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National Survey Paints Bad Prognosis For 2 Valley Cities' Financial Health
An annual look at the financial health of American cities has a bad prognosis for two in the Valley.
The non-partisan, nonprofit group Truth in Accounting gives both Phoenix and Mesa a ‘D’ in their newest Financial State of the Cities report.
It looks at the 75 most populous cities in the country and gives them a grade, based on whether those cities have enough money to pay their bills.
Sheila Weinberg is founder and CEO of Truth in Accounting.
We reached out to both Phoenix and Mesa for their reactions to the report.
In a statement, Phoenix said:
"Phoenix’s entire budget process and financial documentation is transparent and accessible to the public at phoenix.gov/finance. This includes regular updates to the City Council, the posting of financial reports online, and the use of a budgeting process that includes more than 15 public hearings annually to gather feedback and to provide open and accessible information to our residents, investors and others.
"The report appears to focus on pension liabilities in particular. This is a topic that cities across the country are working to address, and Phoenix has been working publicly on this issue over the past six years. The city council and the voters have implemented pension reform to reduce the city’s ongoing pension costs. This has resulted in saving over $1 billion over the next two decades in the City’s pension plan.
"Every year, as required by law, Phoenix has a balanced budget. The city pays 100% of its calculated annual pension obligation each year. Currently, the city has nearly $4.2 billion available to pay retiree pension and healthcare benefits. This plus the city’s requirement to fully fund the annual actuarially required contribution provides assurance that the city will be able to meet its retiree benefit obligations.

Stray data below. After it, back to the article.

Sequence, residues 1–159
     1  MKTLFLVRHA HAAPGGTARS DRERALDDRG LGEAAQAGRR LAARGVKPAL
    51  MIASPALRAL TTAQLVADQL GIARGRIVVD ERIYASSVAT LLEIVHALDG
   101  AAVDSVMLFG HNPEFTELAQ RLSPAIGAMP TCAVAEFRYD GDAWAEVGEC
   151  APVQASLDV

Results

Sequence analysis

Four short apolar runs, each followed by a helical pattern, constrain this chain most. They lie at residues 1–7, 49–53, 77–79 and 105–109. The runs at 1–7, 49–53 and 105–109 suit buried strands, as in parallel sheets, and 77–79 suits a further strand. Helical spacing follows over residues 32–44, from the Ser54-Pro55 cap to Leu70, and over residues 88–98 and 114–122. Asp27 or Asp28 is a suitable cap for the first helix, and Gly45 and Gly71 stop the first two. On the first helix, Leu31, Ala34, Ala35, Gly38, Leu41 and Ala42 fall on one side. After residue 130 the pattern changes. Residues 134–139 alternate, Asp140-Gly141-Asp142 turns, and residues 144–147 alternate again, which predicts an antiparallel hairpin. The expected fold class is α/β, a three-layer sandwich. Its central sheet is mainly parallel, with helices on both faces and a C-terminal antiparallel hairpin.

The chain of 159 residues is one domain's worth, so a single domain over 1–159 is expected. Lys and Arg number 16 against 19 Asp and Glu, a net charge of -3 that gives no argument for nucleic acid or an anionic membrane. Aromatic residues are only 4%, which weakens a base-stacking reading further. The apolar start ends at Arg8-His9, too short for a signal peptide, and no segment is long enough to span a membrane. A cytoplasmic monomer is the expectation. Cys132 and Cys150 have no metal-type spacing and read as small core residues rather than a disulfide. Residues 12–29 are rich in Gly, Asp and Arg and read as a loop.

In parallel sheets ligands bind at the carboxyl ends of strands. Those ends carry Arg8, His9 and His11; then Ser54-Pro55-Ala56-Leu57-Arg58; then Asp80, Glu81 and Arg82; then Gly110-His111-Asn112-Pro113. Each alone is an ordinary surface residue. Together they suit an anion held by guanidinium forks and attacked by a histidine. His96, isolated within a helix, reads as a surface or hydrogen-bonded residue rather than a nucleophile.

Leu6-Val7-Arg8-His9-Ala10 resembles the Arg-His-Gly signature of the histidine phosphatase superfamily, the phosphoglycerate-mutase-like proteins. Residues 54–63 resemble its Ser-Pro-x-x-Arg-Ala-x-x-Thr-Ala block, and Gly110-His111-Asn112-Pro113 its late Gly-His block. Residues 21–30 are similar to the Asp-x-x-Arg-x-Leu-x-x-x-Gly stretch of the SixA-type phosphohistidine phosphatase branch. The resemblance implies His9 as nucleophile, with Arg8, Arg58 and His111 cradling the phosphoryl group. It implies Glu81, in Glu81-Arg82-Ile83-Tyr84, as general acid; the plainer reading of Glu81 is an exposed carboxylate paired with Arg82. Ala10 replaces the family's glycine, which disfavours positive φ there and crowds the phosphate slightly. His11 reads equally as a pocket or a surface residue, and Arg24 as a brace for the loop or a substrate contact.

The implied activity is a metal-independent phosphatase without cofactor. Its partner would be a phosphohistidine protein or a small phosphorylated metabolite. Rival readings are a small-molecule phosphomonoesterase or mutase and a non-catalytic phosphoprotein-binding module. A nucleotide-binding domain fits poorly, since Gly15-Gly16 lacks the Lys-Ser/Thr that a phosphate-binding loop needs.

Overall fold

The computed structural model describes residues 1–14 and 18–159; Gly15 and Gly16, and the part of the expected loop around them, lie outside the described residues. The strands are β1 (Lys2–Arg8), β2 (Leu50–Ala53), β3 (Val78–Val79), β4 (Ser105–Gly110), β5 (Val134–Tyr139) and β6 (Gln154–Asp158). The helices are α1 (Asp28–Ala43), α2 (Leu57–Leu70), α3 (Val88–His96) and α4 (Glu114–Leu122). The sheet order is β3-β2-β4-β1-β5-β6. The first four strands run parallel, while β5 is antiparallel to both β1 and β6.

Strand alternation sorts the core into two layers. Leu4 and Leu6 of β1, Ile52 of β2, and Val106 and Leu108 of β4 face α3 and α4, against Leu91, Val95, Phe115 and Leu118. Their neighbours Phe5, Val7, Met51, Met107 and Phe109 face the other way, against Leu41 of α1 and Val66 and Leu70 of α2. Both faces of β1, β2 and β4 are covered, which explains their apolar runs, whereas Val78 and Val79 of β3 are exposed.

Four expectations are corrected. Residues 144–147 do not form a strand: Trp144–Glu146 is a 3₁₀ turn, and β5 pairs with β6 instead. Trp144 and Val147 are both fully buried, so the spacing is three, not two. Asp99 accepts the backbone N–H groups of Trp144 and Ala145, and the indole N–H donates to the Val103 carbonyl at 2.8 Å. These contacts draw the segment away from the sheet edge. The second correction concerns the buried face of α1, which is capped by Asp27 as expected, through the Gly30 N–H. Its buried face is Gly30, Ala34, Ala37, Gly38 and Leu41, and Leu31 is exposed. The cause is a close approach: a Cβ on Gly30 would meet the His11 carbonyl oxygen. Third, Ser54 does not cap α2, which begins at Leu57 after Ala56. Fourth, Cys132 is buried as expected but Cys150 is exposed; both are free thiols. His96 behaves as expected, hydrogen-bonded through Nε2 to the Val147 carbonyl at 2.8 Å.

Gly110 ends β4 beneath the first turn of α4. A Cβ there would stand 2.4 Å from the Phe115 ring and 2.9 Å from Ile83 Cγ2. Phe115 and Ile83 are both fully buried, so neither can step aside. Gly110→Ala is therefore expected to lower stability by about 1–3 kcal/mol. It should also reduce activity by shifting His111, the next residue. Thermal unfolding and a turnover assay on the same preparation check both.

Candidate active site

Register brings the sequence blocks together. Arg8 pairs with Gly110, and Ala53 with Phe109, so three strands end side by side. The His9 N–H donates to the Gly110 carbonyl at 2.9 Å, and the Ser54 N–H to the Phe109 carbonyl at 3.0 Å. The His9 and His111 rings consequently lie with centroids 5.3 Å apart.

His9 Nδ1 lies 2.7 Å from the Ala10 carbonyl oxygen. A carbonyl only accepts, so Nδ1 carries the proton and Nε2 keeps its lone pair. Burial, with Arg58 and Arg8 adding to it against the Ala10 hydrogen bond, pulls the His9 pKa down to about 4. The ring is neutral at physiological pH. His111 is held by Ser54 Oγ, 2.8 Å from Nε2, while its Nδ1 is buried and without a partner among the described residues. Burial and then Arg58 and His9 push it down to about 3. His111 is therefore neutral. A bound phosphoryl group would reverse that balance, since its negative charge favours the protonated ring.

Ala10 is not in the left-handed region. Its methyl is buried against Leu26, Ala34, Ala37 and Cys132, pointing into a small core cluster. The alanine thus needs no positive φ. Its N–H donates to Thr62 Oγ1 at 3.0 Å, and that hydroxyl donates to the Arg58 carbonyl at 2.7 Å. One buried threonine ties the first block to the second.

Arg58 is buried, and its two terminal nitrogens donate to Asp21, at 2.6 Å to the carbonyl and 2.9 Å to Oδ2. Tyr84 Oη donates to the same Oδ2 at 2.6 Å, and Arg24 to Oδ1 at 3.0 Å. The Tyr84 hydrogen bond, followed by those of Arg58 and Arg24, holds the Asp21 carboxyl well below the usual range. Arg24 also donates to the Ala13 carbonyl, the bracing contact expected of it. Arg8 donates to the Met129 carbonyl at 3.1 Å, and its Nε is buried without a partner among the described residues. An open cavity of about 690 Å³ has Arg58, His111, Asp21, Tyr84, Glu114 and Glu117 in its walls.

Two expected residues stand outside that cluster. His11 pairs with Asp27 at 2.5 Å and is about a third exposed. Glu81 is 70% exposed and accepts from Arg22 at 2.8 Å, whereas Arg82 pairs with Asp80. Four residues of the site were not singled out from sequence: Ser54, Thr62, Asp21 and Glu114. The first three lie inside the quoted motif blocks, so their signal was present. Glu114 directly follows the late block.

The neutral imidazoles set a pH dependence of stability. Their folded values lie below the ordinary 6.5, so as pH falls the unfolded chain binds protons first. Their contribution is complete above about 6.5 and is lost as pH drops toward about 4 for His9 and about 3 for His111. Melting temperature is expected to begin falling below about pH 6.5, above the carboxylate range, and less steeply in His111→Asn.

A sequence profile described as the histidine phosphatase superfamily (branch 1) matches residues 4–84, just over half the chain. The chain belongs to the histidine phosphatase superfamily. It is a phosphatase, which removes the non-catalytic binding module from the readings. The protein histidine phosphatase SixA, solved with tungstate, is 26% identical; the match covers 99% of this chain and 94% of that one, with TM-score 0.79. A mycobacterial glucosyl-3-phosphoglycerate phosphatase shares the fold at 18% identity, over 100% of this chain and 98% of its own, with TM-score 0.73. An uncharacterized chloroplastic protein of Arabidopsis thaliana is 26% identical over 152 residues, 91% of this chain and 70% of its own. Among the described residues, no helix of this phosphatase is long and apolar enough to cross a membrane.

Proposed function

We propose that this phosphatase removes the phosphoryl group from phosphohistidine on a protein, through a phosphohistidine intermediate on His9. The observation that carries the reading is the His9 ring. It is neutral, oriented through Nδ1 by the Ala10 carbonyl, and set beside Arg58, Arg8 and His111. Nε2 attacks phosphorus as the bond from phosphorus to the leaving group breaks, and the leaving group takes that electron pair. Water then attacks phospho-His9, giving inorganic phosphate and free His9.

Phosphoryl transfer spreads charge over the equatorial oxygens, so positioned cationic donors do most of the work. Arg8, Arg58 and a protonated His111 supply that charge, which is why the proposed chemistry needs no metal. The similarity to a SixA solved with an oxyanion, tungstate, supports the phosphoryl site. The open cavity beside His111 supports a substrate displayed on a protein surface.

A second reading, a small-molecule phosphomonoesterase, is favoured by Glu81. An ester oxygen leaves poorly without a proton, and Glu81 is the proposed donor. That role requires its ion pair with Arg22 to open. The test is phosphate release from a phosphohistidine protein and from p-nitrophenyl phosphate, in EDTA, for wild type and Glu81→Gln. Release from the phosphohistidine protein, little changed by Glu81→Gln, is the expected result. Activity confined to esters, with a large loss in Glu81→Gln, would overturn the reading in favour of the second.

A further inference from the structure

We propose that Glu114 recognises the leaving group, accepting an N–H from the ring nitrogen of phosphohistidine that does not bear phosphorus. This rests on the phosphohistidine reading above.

"In 2016, for the 32nd consecutive time, the city’s Comprehensive Annual Financial Report (CAFR) received a Certificate of Excellence in Financial Reporting from the Government Finance Officers Association. Plus, Phoenix’s CAFR is audited by an independent CPA firm and has only received clean audit opinions."
In a statement, Mesa said:
"While we applaud the Truth in Accounting group’s effort to provide ‘easy-to-understand’ financial information about local governments, we don’t agree with the methodology used or with several of the subjective assumptions made and don’t really understand the purpose of this report. Furthermore, at the City of Mesa we continue to account for and manage responsibly all of our expenses including our pension and retiree healthcare costs.
"The report comes to the conclusion that ‘sixty-four of the 75 most populous U.S. cities do not have enough money to pay all their bills.” The problem is that the methodology doesn’t match up the same time frames between the assets and liabilities. Their methodology starts from the total assets and removes the capital assets to get to a liquid or current asset. To calculate the ‘bills’ portion the group takes total debt and removes debt related to capital assets. Then, total unfunded pension and unfunded retiree healthcare costs are added. Thus, the methodology subtracts the total value of debt (short and long term) from liquid or current assets. The more appropriate comparison may be to use just the current portion of the total unfunded liabilities.
"In order to compare the local governments, the study had to normalize the data. In order to do this, the report divides the ‘taxpayer surplus/deficit’ by the ‘number of taxpayers with a positive federal income tax liability.’ We don’t understand why the group uses the taxpayer number in the denominator versus the total population which is the number that cities have to provide services to. Because most of the cities in this report have deficits, a larger number in the denominator would provide a benefit by lowering the per taxpayer deficit number. So a family of six with one tax filling would be counted the same as a household of one. This would put a city with a larger proportion of families at a disadvantage to another city with a smaller proportion of families.
"Similarly, cities with a greater population with a negative federal income tax liability would be at a disadvantage to those cities with a lower proportion. Lastly, why was the ‘C’ grade determined to be from $0 to $4,900 and a ‘D’ grade between $5,000 to $20,000? If you move the ‘C’ grade only $1,100 from $0 to $6,000 you would have 11 cities move from a ‘D’ grade to a ‘C’ grade and maybe not as much of a headline catching report.
"Finally, we are not sure what is the purpose of this report. Is it trying to make a link from a City that scores well in the report to a City that is well run with effective management? One of the top three cities in this report, just went through bankruptcy within the last five years. But because they wiped out a lot of debt through the bankruptcy process and scored well on this report doesn’t necessarily mean they are a well-run city or have the best financial processes and policies in place."